Take me back to Thomas A. Edison

Take me back to Thomas A. Edison

I have to admit, I’ve become somewhat of a Facebook junkie. After many adult years in which the level of attention I received was minimal, I rather enjoy the idea of garnering a little press for myself by touting my cooking skills, blathering about one of our local sports teams or by posting a political opinion…which has been known to cause a stir. One of my friends, a “would be” psychologist recently told me that I like to stir the political pot because it’s “a passive-aggressive avenue to travel which validates my need to feel intelligent”. Well! There’s nothing about me that’s passive and I admit that I’m not that intelligent…I just like to stir the pot! So put that in your pipe and puff on it, professor!

Once the political pot has been stirred, I can count on any number of Facebook “friends” to join the fray and participate in what most likely will be a lively conversation. Many of those who participate are folks that I grew up with…people that I’ve known all of my life, at least my life since I began elementary school. I’ve often wondered, however; what horrific events could have transpired in the lives of many of these people which led them to think so differently than I? What happened to them which caused them to develop such political views that are so vastly different than mine? People who come from similar socioeconomic backgrounds should think pretty much alike, right? How could this be?

Since these friends of mine have somehow been led astray and think so very differently than I do, we often engage in some heated battles in which we challenge each other’s political ideologies. These exchanges often end with someone requesting two favors of the person with the opposing viewpoint; to get out and stay out! I have to admit that these debates sometimes get to be a bit tiresome and my finger often hovers over the “unfriend” button before I calm down and move on to other things. I’m quite certain their fingers hover over my “friend” status on occasion as well.

An interesting thing happened this past week, which brought me some hope for the future! Just for the heck of it, I had posted a photo of the elementary/middle school that many of my friends and I attended, Thomas A. Edison School in Hammond, IN. The initial response to the photo was one of great enthusiasm and I could tell many were pleased to see the old building once more. I also had taken several other photos of the interior of the building just prior to its demolition in 1990, so based on the reaction of the initial photo, I posted those pictures as well.

Edison School was more like a castle than it was a school building. Built in the early 1930s, it was constructed with the blood, sweat and tears of depression-era men who worked for pride as much as they did for money. The craftsmanship incorporated into the building would never be seen today, as much of the detailed construction would be cost-prohibitive in today’s environment. Statues built into the cornerstones of the building as well as a terra cotta design surrounding the perimeter of the façade were just a couple of aspects that made the building so special.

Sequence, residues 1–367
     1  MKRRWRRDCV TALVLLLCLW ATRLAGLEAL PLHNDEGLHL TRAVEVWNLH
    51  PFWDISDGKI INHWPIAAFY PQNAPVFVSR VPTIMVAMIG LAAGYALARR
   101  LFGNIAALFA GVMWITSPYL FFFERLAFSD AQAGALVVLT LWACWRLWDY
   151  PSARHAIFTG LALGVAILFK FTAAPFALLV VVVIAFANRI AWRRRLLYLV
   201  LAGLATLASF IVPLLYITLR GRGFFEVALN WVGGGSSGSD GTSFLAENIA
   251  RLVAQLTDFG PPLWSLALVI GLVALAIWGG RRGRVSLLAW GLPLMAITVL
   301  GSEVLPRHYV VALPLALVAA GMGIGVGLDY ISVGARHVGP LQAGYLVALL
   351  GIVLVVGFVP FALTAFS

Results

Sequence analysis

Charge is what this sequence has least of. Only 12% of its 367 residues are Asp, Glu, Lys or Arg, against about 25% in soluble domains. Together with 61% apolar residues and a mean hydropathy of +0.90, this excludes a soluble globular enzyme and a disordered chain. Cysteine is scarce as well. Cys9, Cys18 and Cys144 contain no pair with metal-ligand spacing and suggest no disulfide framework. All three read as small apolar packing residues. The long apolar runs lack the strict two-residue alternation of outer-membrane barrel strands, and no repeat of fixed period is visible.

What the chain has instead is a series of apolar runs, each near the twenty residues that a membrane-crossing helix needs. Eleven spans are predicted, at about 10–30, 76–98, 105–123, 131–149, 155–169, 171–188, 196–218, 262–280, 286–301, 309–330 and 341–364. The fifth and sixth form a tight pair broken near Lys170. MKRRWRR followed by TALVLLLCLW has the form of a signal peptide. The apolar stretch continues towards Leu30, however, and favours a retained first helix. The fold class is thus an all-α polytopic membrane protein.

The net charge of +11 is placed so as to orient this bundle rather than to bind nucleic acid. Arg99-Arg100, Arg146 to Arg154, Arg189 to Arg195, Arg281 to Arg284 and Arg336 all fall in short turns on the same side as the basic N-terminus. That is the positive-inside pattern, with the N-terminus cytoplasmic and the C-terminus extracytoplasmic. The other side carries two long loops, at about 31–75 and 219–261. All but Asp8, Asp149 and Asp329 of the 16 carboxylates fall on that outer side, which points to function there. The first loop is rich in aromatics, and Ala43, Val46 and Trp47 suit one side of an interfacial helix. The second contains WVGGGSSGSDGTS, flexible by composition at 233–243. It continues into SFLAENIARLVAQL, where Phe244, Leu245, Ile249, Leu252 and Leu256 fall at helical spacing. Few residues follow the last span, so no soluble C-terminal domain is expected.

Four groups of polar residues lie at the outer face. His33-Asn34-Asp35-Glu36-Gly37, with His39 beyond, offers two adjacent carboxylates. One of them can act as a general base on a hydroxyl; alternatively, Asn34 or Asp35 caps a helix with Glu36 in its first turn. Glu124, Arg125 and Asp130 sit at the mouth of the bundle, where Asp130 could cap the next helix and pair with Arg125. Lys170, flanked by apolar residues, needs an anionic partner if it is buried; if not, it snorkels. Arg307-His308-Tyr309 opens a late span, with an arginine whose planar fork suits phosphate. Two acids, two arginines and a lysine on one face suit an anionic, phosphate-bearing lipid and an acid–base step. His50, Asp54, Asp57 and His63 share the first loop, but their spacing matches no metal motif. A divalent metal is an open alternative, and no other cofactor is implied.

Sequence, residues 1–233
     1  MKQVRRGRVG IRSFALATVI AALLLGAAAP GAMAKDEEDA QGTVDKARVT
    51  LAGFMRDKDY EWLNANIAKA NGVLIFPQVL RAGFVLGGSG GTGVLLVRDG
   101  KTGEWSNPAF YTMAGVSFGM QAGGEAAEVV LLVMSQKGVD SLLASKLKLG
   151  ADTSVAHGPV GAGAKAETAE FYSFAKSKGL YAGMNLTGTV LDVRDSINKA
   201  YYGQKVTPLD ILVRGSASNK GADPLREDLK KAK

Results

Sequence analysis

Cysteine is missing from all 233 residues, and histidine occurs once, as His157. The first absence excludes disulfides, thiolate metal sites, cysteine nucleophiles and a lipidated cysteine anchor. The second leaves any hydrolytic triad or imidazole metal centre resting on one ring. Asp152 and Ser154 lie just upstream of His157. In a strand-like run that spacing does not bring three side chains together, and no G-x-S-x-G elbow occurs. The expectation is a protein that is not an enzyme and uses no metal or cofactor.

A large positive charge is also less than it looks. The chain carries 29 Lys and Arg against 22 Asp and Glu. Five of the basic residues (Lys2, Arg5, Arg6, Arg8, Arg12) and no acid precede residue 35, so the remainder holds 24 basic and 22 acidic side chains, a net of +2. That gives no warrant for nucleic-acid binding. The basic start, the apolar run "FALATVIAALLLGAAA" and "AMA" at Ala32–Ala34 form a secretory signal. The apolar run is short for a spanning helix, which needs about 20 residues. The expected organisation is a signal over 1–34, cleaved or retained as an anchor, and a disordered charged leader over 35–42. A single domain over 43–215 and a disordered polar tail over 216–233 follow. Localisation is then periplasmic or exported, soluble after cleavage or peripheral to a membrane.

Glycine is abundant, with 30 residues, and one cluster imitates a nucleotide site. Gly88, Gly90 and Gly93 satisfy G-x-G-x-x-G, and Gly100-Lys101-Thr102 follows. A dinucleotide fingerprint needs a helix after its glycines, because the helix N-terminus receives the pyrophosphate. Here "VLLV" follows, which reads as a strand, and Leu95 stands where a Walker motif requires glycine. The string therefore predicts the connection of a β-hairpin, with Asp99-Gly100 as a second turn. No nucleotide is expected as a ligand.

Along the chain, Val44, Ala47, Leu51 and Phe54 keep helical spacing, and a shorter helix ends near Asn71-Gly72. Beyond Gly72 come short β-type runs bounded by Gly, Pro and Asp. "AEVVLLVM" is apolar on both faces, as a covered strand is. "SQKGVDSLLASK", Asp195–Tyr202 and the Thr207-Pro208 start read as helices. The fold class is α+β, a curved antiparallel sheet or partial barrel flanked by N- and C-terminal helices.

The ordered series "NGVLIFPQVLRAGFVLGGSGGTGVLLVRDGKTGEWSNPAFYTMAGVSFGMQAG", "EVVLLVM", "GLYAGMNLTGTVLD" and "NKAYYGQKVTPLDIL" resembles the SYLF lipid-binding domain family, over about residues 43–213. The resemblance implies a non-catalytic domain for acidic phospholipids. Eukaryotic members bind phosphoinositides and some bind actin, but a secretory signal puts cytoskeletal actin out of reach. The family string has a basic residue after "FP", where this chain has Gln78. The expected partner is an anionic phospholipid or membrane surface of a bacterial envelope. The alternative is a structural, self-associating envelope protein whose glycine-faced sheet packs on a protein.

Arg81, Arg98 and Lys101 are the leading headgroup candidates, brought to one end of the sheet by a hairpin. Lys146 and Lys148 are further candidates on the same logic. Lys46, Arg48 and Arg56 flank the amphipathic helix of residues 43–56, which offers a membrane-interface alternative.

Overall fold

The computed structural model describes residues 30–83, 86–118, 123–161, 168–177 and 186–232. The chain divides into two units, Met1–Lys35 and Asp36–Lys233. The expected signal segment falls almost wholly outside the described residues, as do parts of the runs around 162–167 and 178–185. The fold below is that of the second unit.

The school was constructed with an auditorium that would rival many theatres, complete with a catwalk and a projection room. Yes, I did climb the ladder to the catwalk a few times and only now will I admit to such a caper. Rumor has it that there was also a “bomb shelter” in the catacomb of the building, although I never made it much past the basement stairs before being busted by the ever-present janitor who ruled the grounds with an iron fist.

What really made the building so special; however, were the people inside of it. Since the school encompassed grades kindergarten through eighth grade, those who attended literally grew up together. Not only did we see each other nearly every day during the school year, the playground also served as a “hang-out” during the summer months, as we continued to forge relationships year round.

As the kids progressed throughout the grade levels we eventually worked our way up to the third story of the building, which was normally off limits to anyone fifth grade or below. I guess it’s safe to say that we loved each other and hated each other at the same time. Boys teased other mercilessly when one of us got a haircut and God forbid anyone would drop their tray of food in the cafeteria as a standing ovation would ensue. Still, we looked after each other and no one was bullied to the point of cowering in the corner, as there was always someone nearby to lend a hand if needed.

As I posted the photos of the old school, an outpouring of my friends’ memories came flooding in. Although there were a few comments of anger, mostly as a result of some overzealous corporal punishment administered by a rogue teacher now and then, the vast majority of comments were written with wide smiles I’m sure.

Recollections of events that transpired nearly a half century ago were described in such vivid detail that it was somewhat amazing. All this time I thought it was only me who could remember things like the smell of the freshly waxed floors upon entering building on the first day of the school year, or on the other hand, the smell of that strange powder that the janitor sprinkled on the floor after some sick kid threw up. I hated to mention it back then, but that powder only made the smell worse.

For a day or two, my friends and I reverted back to an age when we didn’t worry about things like gun control, Tea Party nonsense or church versus state issues. Those events that changed many of us from innocent children into opinionated (and sometimes jaded) adults took a backseat for a day or two as we all took a peaceful walk back in time. It was nice.

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